Belfast Telegraph

Tuesday 16 September 2014

Botha is set to become an Ulster hero

BJ Botha

His feet had barely touched the ground in Belfast before Brendon James Botha found himself in the full throes of an Ulster scrummaging session.

In many ways it was the perfect introduction for the 28-year-old tighthead prop, better known as BJ, as the coalface of the front row is where he best expresses himself.

Having arrived in Belfast on Sunday having tied up all his loose ends in Natal, Ulster coach Matt Williams had ordered a scrummaging session, involving both live scrums and against the machine, for 9am on Monday morning.

And within minutes the South Africa World Cup winning prop, Ulster’s most expensive signing yet, had already made quite an impact.

“Rory Best had a huge smile on his face on Monday,” said veteran flanker Kieron Dawson. “It was one of the best scrummaging sessions we have had in years.”

Botha’s influence was soon to be found at a line-out session as well, when he told a couple of players to get up to speed following confusion at some of the calls.

On the touchline, Williams just sat back and smiled, realising he had not just signed a world class scrummager, who at 28 is entering his prime years as a front row forward, but also a leader with exacting standards.

And having spent the last two weeks training with the Sharks squad in Durban, Botha, whose season with Natal was disrupted with neck and stomach injuries, is also ready to make an immediate impact on the pitch for Ulster’s opening game of their Magners League campaign, against Llanelli Scarlets at Ravenhill on Friday night.

Comparisons with Robbie Kempson, the former Springbok prop who became a cult figure at Ravenhill during Alan Solomons’ tenure, are already being drawn.

“I haven’t played rugby in a while,” said Botha. “I have been injured and playing one-off Tests and games in the Currie Cup so I am just keen to get on the field and play some rugby. As soon as you get on the field, everything just falls into place.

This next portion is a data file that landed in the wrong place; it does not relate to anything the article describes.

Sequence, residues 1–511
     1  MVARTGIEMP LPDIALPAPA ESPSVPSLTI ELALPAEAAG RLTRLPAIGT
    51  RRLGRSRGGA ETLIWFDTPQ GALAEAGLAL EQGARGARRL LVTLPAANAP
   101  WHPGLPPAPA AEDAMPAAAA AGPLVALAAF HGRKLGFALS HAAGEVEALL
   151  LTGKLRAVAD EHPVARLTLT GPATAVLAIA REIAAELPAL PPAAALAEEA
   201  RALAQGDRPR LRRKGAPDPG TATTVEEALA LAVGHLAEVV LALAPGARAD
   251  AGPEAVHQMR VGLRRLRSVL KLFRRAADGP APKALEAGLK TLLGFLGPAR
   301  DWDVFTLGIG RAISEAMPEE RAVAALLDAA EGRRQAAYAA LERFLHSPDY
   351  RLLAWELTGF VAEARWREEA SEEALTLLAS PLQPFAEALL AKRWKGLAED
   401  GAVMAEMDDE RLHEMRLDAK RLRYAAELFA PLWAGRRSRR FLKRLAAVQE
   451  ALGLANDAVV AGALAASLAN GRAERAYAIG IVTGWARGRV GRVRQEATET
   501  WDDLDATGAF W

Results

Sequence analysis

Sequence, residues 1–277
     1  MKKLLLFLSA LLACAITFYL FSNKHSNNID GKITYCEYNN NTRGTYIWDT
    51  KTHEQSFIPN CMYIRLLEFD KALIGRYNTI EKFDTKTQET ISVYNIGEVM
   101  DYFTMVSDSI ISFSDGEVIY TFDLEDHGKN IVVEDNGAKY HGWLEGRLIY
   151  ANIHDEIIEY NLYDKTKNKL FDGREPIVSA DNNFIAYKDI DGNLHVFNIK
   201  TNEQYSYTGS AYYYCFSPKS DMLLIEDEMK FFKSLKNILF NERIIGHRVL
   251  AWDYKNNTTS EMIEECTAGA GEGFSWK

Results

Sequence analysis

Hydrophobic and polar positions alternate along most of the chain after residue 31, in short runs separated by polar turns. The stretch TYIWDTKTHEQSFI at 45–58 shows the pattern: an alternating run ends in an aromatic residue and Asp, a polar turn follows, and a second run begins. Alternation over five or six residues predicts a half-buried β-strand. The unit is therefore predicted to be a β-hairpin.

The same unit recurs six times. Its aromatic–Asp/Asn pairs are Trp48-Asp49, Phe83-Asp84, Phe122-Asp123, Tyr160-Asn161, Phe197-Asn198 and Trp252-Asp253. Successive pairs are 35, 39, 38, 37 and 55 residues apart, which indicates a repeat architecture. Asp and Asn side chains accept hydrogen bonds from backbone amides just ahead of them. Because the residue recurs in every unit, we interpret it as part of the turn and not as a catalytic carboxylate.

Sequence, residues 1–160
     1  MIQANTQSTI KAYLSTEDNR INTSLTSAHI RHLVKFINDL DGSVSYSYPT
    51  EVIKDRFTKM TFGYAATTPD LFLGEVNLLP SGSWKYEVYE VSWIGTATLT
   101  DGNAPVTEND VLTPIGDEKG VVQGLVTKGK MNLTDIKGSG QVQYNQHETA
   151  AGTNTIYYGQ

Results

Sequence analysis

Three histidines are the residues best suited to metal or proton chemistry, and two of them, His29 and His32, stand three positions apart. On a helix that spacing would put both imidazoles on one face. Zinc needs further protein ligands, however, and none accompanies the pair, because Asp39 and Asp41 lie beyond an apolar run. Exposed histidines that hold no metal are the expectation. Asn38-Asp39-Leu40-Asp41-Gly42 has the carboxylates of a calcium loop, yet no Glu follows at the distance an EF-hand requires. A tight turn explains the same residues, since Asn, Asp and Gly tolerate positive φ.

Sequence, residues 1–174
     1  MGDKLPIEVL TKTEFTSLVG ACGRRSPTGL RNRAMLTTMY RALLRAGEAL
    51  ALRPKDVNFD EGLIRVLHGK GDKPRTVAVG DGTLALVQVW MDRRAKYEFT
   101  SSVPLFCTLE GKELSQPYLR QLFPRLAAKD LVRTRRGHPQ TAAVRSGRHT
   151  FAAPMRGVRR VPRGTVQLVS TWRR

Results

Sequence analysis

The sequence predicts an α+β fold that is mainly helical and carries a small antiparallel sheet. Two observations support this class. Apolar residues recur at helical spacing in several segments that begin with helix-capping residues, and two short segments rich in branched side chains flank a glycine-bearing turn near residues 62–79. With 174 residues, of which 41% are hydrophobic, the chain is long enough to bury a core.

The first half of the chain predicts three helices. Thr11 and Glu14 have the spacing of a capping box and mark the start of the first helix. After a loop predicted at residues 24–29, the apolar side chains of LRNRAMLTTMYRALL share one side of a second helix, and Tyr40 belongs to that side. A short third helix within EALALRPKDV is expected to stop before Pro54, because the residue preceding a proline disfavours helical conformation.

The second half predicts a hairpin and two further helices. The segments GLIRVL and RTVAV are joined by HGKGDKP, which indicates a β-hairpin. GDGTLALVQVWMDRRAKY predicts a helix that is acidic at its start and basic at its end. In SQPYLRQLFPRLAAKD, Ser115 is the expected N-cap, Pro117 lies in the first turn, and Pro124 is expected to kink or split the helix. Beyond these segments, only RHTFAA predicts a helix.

“Maybe missing some games was a blessing in disguise, as it has given me around five weeks off to rest the body a bit and I am feeling fresh and ready again for the new season.”

Botha’s injury problems began just over a year ago when he cruelly missed out in playing in the World Cup final against England having hurt knee ligaments in the Springboks final pool game against the USA. It was a tough, tough blow.

“The disappointment at missing out on the World Cup final speaks for itself,” said Botha, who despite opting to leave South Africa still has high hopes of playing for his country again.

”Getting that knee injury in the last pool game against the USA was a huge disappointment but I turned it into a positive. I learned from it, moved forward and gave myself new challenges. One of those was getting over the Ulster.”

While he was controversially omitted by new Springbok coach Peter De Villiers for the Tri-Nations this summer, Botha has also had to overcome neck and stomach injuries. But he insists he is fighting fit now.

“As a front rower, you never feel okay,” he joked. “But all the bits and pieces are together. Any injury has a process and you just have to do your rehab but each game and each week is new.”

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